Whitefield was established about two miles off the Kadugodi station, and the railway station was later renamed as Whitefield. After an inspection in 1886, it was determined that the agricultural experiment was a success, farming was doing well and that the settlers were selling pork, ham and bacon, jam and ragi flour at a profit. The association then petitioned the Government of India for a grant of Rs.150/- a month for five years for a school at Whitefield and a similar sum for the school at Sausmond, in order that technical and agricultural instruction might be imparted to the children of the colonists.

The Whitefield Settlement was managed by the E & AI Association, which consisted of over 200 members, with Mr. R.T. Tocher, as President, and a committee numbering 25 headquartered at Bangalore. In the first decade of the 1900's there were about 45 houses of which 18 were on the village Site and the balance were on farms scattered throughout the settlement, which is not less than 3 miles in length and about 2 miles wide and contained about 2000 acres of land, fit for cultivation. As the area had an abundance of kaolin (China clay for ceramics) clay, a thought to process and export of the same was contemplated, but Arbuthnot and Co., who toyed with the idea found it unprofitable.

The original intent was to have a circular format (see picture) with the center housing the school and library, surrounded by a broad 100’ road. The 100 and 180’ main roads were to be named after trees (Pomelo, Jack, Mango, Lime, and Orange) as avenues. Smaller and cheaper houses were to be built near the center, and the larger garden houses to the outer rings. A cooperative store, a barn, a church, public buildings, gardens, and a village green would complete the settlement.

In 1886, David White elucidated the plan - To send the "able-bodied destitute, old and young, only as laborers to be fed and paid, leaving it to them by good conduct to rise to the level of settlers ; to send persons of slender means to carry on trades of various kinds, giving them each one acre of land; to send persons of sufficient, yet moderate, means to farm, giving them allotments of land extending to 20 acres; to build houses and allow all settlers to purchase them by rent for a stated period; to open libraries and schools and allow children to acquire a knowledge of various mechanical arts. The village was to accommodate 90 homes in four circles originally, but it appears that only two circles were completed. The puttahs or leases were granted to the Whitefield colonists containing a stipulation that they are not to sell, mortgage or alienate their lands except to members of the community.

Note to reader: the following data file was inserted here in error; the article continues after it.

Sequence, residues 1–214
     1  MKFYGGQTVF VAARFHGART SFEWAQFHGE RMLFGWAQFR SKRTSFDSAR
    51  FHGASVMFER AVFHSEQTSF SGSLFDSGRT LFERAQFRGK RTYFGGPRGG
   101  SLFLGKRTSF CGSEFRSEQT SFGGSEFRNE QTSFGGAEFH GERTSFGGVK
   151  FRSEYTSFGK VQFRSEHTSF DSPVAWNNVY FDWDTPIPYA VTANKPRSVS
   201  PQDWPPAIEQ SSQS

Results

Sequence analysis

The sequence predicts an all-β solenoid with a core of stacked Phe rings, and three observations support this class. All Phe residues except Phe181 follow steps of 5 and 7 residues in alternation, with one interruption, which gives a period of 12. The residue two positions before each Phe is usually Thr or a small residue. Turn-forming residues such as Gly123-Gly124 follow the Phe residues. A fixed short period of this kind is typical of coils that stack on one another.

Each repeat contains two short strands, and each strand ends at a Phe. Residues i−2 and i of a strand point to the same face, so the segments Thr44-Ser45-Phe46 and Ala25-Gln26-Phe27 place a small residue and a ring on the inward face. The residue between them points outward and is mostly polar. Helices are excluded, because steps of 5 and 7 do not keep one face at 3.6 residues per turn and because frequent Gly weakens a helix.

JD Rees after accompanying (circa 1887-88) Lord Connemara writes - So novel an experiment as that described above has necessarily been as unduly lauded, as it has been unfairly disparaged. Mr. White's sanguine disposition led him in the beginning to express views and entertain hopes, which he had to abandon before his scheme was launched. Yet it required no small influence and the possession of no little energy to persuade thirty-two individuals with their wives and families to accept his assurances and to embark in a business of which they knew nothing, a business for which their previous lives and training in no way fitted them.

However, it was becoming clear that many of the allotees preferred living in Bangalore and in general Anglo Indians did not want to focus on becoming tillers of the land. There was a parallel plan in getting the disgruntled community interested in workshops and factory work, but it does not seem to have paid off. Unfortunately, the idea in general did not quite work out as far as paupers were concerned, and wealthier settlers moved in as time went by.

Fitzpatrick inspecting the site in 1887 agreed – He was of the opinion that for pensioners, and others having small independent means of their own, an opportunity here offered of settling down in a healthy place possessing a good climate, with the prospect of obtaining by industry and good management a considerable accession to their incomes. As regards the settlement of artisans and agricultural laborers in the colony he did not think that such men could compete with natives. He observed that Mr. White's project of forming a self- contained community, possessing its own artisans, and excluding competition, was altogether chimerical.